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The Mistress of Spices

3.48  ·  Rating details ·  12,551 ratings  ·  998 reviews
Magical, tantalizing, and sensual, The Mistress of Spices is the story of Tilo, a young woman born in another time, in a faraway place, who is trained in the ancient art of spices and ordained as a mistress charged with special powers.  Once fully initiated in a rite of fire, the now immortal Tilo--in the gnarled and arthritic body of an old woman--travels through time to ...more
Paperback, 338 pages
Published February 17th 1998 by Anchor (first published 1997)
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Average rating 3.48  · 
Rating details
 ·  12,551 ratings  ·  998 reviews

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Oct 01, 2007 rated it did not like it  ·  review of another edition
Recommends it for: Romance book readers
This book belongs on a Harlequin/ Mills & Boon bookshelf. I picked it up expecting something quite different from the lukewarm and soggy story telling it contained. Perhaps the author was aiming for magic realism but ended up with a mishmash of genres and not one that was well-developed.

The story revolves around a woman who had a weird past that has no real connection to her present. She "inhabits" an old body for no good reason other than she might actually be that old (the book meanders about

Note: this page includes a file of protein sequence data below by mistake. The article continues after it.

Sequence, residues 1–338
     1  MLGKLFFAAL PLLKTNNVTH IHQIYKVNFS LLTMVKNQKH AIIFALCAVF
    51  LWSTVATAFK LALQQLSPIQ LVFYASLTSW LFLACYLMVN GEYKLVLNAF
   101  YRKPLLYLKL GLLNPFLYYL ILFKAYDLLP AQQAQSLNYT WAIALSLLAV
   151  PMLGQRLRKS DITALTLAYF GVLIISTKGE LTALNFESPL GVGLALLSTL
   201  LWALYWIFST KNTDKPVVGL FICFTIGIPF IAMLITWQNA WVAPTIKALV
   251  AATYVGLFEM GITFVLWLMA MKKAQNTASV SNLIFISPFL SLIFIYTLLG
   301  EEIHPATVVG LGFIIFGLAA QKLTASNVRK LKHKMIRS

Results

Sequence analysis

Feb 10, 2009 rated it really liked it
I probably wouldn’t have read this if I hadn’t been introduced to Ms. Divakaruni by a former student who was taking a class from her and loved her. I always feel as though I should read people’s books if I’ve met them, which has gotten me stuck with some duds. Fortunately this wasn’t one of them. With a writing style that’s both conversational and lyrical, Divakaruni engulfs you in a heady blend of mysticism, romance, and realism as complex and sensual as the spices she writes about. The story t ...more
Sep 12, 2010 rated it it was ok
Good idea poorly executed.

The poetic language lauded in other reviews is over the top and gets obnoxious quickly. The author has an odd form of Tourrete's that makes her spit out similies - "eyes dark as a tropical night" - that aren't necessarily half bad , but there are so many of them they begin to grate.

The author follows. The unimaginative trend. Of chopping up sentences. Into fragments. In the name of art. Which wasn't cool even the first time it was done. By someone else.

The title chara
Dec 04, 2010 rated it liked it
Oh dear, whatever one says is going to sound like damnation via faint praise. Yes, this is magical realism; no, it isn't as accomplished as the best examples in that genre. Yes, it is an occasionally beguiling love story; no, it isn't without its languors and flat spots. Yes, the end in particular keeps one turning pages to see what happens; no, it isn't quite as moving and powerful as this reader hoped it would be. Entertaining, enjoyable, not life-changing. I felt the strongest passages weren' ...more
Mar 15, 2010 rated it really liked it
Misty... fragrant... intoxicating.. mythical... spicy!!